Cam Newton has been in the headlines for awhile now. From his fathers NCAA violations to his Heisman Trophy and National Championship title. He shows up out in Cali and puts on a media only display of his talents. A structured preview of his pro-day. His name brings up debate as to how high he will be drafted to whom he will be drafted by. It makes for great debate.
But is Cam Newton the answer to the Miami Dolphins QB problems?
A highly proficient QB at Auburn, his positives and negatives will have to be weighed against the teams needs and the futures of Jeff Ireland and Tony Sparano also must be put into the equation, not just with Newton, but any QB that they may take in round 1.
Newton has many intangables. He is fast, elusive, and can be accurate. He is smart with the football and can be a game changer with his arm and with his legs. He is more Vince Young without the attitude than a Michael Vick. He has a very quick release and throws a picture perfect over the shoulder ball with a tight spiral. His accuracy is solid and he can thread the ball into tight spaces. He lacks touch on his deep pass but some scouting reports say that is a footwork issue. Something he will need to work on.
There is no denying however that his legs are the most valuable asset he owns. His ability to break tackles and make defenders miss is why he sits atop many teams draft boards. The fact that he hasn’t lost a college game doesn’t hurt either.
But there are as many questions as well.
Cam Newton is very raw. He played primarily in a shotgun system that was a one look and run style of offense. As a result, there are questions as to whether he can scan a field or if he will be yet another QB in a long line of runners who simply take off when option one isn’t there. There is no doubting his speed and quickness out of and in a collapsing pocket but that’s the college level. Here, most pro’s on defense can run as fast or at least fast enough to contain. So while his legs will get him out of trouble some of the time, they won’t get him out of it nearly as much as they did in college.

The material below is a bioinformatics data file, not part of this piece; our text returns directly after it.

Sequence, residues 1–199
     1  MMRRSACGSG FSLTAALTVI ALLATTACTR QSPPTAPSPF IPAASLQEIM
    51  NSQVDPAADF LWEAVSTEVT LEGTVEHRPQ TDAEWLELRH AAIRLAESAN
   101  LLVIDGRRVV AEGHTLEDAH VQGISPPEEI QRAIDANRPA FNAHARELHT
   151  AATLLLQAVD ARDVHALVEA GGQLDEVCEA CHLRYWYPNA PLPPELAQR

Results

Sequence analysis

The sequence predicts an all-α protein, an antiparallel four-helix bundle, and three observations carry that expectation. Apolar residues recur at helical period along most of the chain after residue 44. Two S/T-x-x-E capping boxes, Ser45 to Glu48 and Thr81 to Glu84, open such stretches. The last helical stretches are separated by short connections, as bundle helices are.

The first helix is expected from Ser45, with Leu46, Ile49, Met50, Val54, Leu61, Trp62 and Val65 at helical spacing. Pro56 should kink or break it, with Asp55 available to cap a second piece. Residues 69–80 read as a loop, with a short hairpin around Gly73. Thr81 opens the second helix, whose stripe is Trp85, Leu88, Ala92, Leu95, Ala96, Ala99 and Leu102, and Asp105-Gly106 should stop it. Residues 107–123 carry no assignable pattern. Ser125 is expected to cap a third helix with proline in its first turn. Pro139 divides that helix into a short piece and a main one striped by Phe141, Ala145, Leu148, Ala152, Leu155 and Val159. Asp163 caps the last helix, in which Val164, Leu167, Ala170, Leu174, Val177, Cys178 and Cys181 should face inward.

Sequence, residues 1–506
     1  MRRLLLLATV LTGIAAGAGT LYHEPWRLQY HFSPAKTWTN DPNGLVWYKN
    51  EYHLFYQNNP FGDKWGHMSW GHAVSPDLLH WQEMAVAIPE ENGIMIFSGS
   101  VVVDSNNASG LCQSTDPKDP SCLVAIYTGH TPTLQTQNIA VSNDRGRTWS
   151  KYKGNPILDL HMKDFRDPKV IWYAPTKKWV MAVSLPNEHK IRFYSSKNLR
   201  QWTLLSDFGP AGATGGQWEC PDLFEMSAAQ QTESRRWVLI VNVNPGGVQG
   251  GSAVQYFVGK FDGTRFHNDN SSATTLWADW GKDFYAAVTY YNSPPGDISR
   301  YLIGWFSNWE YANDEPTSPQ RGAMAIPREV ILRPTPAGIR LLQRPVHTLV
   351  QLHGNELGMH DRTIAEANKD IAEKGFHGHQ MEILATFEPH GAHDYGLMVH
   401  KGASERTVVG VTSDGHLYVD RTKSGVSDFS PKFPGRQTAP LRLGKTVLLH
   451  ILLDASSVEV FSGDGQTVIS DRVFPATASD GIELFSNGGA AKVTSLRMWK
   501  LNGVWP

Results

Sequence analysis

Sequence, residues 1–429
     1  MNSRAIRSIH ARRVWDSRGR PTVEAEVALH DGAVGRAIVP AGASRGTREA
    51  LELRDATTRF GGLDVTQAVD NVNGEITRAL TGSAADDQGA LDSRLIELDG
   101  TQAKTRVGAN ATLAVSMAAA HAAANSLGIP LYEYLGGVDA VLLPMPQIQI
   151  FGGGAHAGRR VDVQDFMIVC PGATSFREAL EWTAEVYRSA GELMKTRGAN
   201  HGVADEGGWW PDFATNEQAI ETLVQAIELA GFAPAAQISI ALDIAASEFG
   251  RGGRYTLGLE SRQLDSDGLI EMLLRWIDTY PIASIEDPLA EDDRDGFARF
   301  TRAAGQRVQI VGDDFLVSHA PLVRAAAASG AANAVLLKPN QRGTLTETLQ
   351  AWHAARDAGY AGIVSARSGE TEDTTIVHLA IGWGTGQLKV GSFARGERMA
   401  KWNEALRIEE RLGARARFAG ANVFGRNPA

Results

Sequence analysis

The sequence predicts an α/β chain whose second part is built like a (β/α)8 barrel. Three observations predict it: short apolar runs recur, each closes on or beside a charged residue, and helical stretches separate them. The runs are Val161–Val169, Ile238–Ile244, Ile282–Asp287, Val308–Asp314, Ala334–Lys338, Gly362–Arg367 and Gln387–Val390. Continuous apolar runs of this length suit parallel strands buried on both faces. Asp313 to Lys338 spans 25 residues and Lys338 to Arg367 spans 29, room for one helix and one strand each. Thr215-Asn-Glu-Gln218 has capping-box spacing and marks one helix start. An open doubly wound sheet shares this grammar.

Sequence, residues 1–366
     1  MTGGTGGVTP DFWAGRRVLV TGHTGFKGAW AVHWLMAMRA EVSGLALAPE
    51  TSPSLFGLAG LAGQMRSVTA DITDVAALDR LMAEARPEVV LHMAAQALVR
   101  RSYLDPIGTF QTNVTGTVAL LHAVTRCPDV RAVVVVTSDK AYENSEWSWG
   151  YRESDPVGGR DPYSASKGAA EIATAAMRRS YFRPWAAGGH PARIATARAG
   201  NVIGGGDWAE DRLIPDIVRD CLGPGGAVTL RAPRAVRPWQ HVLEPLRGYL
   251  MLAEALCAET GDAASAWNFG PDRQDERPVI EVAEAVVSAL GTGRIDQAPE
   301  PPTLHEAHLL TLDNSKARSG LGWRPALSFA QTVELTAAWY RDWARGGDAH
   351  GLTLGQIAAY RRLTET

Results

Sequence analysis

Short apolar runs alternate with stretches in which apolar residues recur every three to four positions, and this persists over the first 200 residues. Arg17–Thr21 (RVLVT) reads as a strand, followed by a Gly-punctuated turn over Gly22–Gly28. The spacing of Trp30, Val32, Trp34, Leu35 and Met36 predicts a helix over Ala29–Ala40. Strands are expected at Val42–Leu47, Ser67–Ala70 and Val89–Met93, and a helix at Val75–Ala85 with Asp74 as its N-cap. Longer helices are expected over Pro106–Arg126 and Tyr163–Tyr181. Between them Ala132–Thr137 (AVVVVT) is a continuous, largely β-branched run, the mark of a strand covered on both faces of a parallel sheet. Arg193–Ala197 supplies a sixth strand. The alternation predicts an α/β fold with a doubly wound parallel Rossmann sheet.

Newton was not well liked at Florida or Blinn junior college, according to several scouting reports that stated he rode his team to beyond a leadership role, both on the field and off.
Another issue with Newton is his experience. Was he a one year wonder? Newton played 5 games in 2007, 1 game in 2008, was at a junior college in 2009, and finished with last years stellar season. Is that progressively getting better? He declined his senior season at Auburn in favor of the NFL. While some will argue he will make more money this year by coming out, he would have served himself better with another year of playing time before making the move.
There is little denying that Cam Newton is going to be a project. He won’t likely come in and start for any team in the NFL this year outside of, dare I say it, a Wild Cat type scheme.
There are a lot of fans who see Newton as the best option in this years draft class while others believe he will be a bust. Regardless he is a long term project that will need time, something that a team like the Miami Dolphins may not have much of.
Newton has the speed but lacks the discipline mentally to read the field. It’s not his fault as it was something that he wasn’t asked to do at Auburn. His ability to read NFL defenses will go a long way in determining his success at the next level.
There is a test that coaches and GM’s run at the NFL Combine that throws rapid fire scenarios at quarterbacks and the QB’s translate their actions and re-actions on a chalkboard, it will be interesting to see how Cameron handles that, not saying that he isn’t smart enough to deal with it but many QB’s pull from experience.
Recent rumors, and they are nothing but rumors, say that Miami has Newton atop their draft wish list. He may be the top QB on their list but that doesn’t mean they want him enough to spend a number 15 pick on him.
Cam Newton will go high in the draft, somewhere between 8 and 18. And he will be a project.